In 2011, I completed my MFA in Creative Writing (Fiction), at Converse College. I was excited, I was exhausted, and I had no idea what came next. I didn’t know how scary it would be to write after graduation, with no faculty mentor to tell me everything I was doing wrong or that I had accidentally given my character three arms. (True story!) I didn’t know how much I’d miss the community of writers that met twice a year for residency. All I really knew for sure was that those graduation robes are hot, nobody looks good in those mortarboard hats they make you wear, and my eighteen month old was decidedly not impressed with my brand-spanking new graduate degree and wanted to go home.
I’ve done lots of different things since graduation: running a summer writer’s camp for teenagers, editing an online literary journal, working as an adjunct instructor at my very favorite place, Converse. How I ended up where I am right now as Associate Director of the MFA program is still a bit dizzying to me, and adjustments to my job and life are being made daily.
Back in 2009, starting the program three weeks after my undergrad graduation, I can remember watching Rick and his then admin, Melody, work crazy hours during residency, scrambling to answer questions and keep everyone happy and everything running smoothly. We were all impressed with their poise and stamina. When I realized I would start my current position with a bit of a baptism by fire — my first residency, mere weeks after my hire date, and without Rick to guide me — I thought that would be the biggest learning curve. And it was certainly a challenge. What I didn’t expect was that what came after–the supposed “quiet” part of the school year–would be at least as challenging, if not more.
Suddenly, I am seeing things from the other side of the desk. Reading applications and transcripts, planning schedules, arranging housing for students. It hasn’t been so much a learning curve, as a learning U-turn. So, I thought I’d share with you some of the things I’ve picked up along the way that may be helpful to those looking for a low-residency program, applying to a program, or participating in one. Maybe you’ll find something useful; maybe you’ll just laugh at my own missteps. Either way, enjoy!
1. Write down your questions before you call. We’ve all done it. You pick up the phone, ready to get all the information you can. Someone answers your call, and your mind goes blank, and you forget how to use words. It’s okay. We’re writers, not orators. Have a plan, write it down, and then write the answers down too because you won’t remember a thing they said when you hang up.
2. Whenever possible, send ALL of your application materials in one packet. This needs no explanation. Just know that the office staff will have all kinds of warm fuzzies for you if you do this, and, hey, that can’t hurt.
3. It’s called a “Personal Statement,” but keep the personal bits short and relevant to your point. Remember those annoying five paragraph essays you had to do a million years ago in ENG101? Think like that (only don’t write like your freshman self.) Have a cohesive point that ties together your reading and writing influences and any personal information you share. I literally shudder to think what was in my personal statement when I applied. I’m kind of glad it’s filed away in a scary basement where I’ll never be tempted to take a peek at a document that’s probably scarier than whatever is living in said basement. Oh, and don’t bother name dropping authors you “love,” hoping to impress the readers. You finished Infinite Jest with all the footnotes. Congratulations. (Unless, of course, you’re name-dropping one of our faculty members’ books, in which case it’s totally okay.)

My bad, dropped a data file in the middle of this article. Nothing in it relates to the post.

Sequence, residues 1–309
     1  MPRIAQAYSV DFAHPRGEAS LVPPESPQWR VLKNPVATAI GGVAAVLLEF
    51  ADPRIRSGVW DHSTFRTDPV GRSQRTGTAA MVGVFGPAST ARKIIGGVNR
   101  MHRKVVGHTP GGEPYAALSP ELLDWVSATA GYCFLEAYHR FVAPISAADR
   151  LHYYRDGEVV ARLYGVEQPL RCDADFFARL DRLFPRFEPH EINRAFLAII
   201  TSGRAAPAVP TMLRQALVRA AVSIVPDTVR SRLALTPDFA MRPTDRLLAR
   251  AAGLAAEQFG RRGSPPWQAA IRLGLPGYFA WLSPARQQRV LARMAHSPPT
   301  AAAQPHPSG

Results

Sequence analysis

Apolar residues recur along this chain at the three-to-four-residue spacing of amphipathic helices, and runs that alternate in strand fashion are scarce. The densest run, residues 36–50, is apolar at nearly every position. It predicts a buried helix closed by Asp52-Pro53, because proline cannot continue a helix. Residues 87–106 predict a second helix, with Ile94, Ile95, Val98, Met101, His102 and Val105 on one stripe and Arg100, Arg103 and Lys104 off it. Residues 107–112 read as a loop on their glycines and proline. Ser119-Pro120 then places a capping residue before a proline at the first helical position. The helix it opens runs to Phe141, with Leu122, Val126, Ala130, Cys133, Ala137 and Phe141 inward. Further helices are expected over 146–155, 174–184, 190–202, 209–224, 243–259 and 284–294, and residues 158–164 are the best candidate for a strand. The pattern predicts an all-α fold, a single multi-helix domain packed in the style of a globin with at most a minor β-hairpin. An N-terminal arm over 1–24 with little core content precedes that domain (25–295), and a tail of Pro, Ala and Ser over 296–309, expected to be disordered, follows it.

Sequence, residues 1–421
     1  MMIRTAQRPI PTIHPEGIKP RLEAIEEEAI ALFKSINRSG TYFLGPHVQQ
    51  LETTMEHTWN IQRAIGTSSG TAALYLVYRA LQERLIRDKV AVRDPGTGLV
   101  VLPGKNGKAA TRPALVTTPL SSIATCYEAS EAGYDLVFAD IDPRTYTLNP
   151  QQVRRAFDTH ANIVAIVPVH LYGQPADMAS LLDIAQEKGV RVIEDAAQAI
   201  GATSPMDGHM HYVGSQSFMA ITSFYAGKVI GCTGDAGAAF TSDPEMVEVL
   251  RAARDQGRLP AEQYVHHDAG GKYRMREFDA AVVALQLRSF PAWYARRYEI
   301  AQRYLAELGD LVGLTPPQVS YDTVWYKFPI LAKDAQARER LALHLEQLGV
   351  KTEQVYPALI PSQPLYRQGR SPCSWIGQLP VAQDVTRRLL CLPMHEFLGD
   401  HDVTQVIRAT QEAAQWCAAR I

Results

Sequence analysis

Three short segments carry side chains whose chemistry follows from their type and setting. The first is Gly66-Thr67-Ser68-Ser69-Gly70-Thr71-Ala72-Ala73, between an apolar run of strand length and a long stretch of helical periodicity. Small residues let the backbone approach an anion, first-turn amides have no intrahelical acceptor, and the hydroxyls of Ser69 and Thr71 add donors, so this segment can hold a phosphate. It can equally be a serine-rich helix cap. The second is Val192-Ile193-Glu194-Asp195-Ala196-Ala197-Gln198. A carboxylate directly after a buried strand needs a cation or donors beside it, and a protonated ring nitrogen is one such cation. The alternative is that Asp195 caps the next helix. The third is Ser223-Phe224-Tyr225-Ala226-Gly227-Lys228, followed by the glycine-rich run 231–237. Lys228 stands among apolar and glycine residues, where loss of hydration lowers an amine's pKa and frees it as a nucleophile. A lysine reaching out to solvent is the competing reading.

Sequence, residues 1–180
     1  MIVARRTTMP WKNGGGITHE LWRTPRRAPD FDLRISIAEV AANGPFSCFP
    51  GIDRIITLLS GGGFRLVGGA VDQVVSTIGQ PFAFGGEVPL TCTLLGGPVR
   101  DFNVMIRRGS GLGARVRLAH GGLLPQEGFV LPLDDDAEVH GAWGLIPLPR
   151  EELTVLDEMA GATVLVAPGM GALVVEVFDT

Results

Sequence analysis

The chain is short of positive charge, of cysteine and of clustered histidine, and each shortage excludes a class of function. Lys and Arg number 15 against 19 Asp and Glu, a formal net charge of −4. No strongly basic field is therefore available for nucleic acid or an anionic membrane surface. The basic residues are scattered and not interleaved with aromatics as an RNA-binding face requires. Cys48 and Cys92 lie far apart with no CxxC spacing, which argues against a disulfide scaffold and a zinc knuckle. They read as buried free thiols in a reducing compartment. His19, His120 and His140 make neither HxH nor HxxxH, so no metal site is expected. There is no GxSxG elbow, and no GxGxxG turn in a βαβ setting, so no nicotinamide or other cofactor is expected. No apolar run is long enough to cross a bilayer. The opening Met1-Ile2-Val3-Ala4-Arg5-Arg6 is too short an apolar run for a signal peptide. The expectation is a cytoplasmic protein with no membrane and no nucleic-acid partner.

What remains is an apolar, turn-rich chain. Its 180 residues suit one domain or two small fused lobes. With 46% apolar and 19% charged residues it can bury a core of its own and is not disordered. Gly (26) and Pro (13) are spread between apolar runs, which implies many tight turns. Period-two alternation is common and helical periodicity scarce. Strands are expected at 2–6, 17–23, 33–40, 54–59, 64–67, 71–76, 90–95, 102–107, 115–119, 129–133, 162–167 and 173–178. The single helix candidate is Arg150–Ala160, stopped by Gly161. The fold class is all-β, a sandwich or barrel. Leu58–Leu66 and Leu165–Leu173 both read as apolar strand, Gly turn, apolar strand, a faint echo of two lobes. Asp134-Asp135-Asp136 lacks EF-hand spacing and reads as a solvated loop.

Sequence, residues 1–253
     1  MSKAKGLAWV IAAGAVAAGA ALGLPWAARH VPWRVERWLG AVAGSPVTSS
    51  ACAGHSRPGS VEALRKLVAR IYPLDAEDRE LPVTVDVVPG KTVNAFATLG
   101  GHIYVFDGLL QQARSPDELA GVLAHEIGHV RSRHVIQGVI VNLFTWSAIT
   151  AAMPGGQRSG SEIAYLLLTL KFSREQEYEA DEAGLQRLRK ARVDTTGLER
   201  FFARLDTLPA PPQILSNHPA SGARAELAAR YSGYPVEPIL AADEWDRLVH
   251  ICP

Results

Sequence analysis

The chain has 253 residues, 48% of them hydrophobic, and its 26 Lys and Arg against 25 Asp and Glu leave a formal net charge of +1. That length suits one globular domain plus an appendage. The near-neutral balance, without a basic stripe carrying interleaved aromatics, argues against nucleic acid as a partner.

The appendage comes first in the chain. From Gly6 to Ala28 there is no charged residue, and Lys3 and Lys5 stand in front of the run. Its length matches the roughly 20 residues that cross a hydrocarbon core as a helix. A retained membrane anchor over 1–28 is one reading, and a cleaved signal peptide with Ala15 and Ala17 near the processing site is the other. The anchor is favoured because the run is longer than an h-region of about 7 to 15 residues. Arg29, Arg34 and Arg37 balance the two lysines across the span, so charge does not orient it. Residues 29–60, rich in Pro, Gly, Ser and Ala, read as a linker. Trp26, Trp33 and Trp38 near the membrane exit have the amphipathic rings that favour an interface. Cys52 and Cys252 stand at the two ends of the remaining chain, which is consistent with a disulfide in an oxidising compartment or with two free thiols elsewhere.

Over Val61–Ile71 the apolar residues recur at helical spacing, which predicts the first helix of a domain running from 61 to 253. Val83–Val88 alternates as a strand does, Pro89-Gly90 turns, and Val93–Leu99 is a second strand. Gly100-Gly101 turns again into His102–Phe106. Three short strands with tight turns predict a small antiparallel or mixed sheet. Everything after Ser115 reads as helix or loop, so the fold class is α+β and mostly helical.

4. Send your absolute BEST writing. Don’t worry so much about showing how everything you send fits together. You think you want to write a novel in short stories, or poems about your late aunt’s QVC habit, but it’s all going to change. Your ideas will shift and reform as you study and work. Just send in your best stuff and let the readers sort it out.
5. Keep to deadlines. This applies to applicants, students, associate directors, everybody. We’re all happier, and things run much more smoothly when everyone views deadlines as absolute and not friendly suggestions.
6. Build a writing community with your fellow students that will sustain you when the program ends. Just do it. You’ll thank me later.
7. Whenever possible, have a Paula, and be sure to tell her she’s great often. That sweet lady that calls and reminds you to pay your deposit or tracks down your missing transcripts? She’s a superhero, and I think everyone needs one of those by their side.
8. Never start a blog post with a “Hang in There” kitten poster. Those are the worst.
Sarah Gray graduated from Converse with a BFA in Creative and Professional Writing in 2009 through the Converse II program and stayed around to earn her MFA in Creative Writing (Fiction) at Converse as a member of the program’s very first graduating class in 2011.
She founded the MFA program’s literary journal, South 85, directed the Converse Young Writers’ Workshop for two years, and served as an adjunct for three years before stepping into her current position as Associate Director of the MFA in Creative Writing program.
While Converse feels like home, she actually lives in Greer, SC, with her husband and daughter.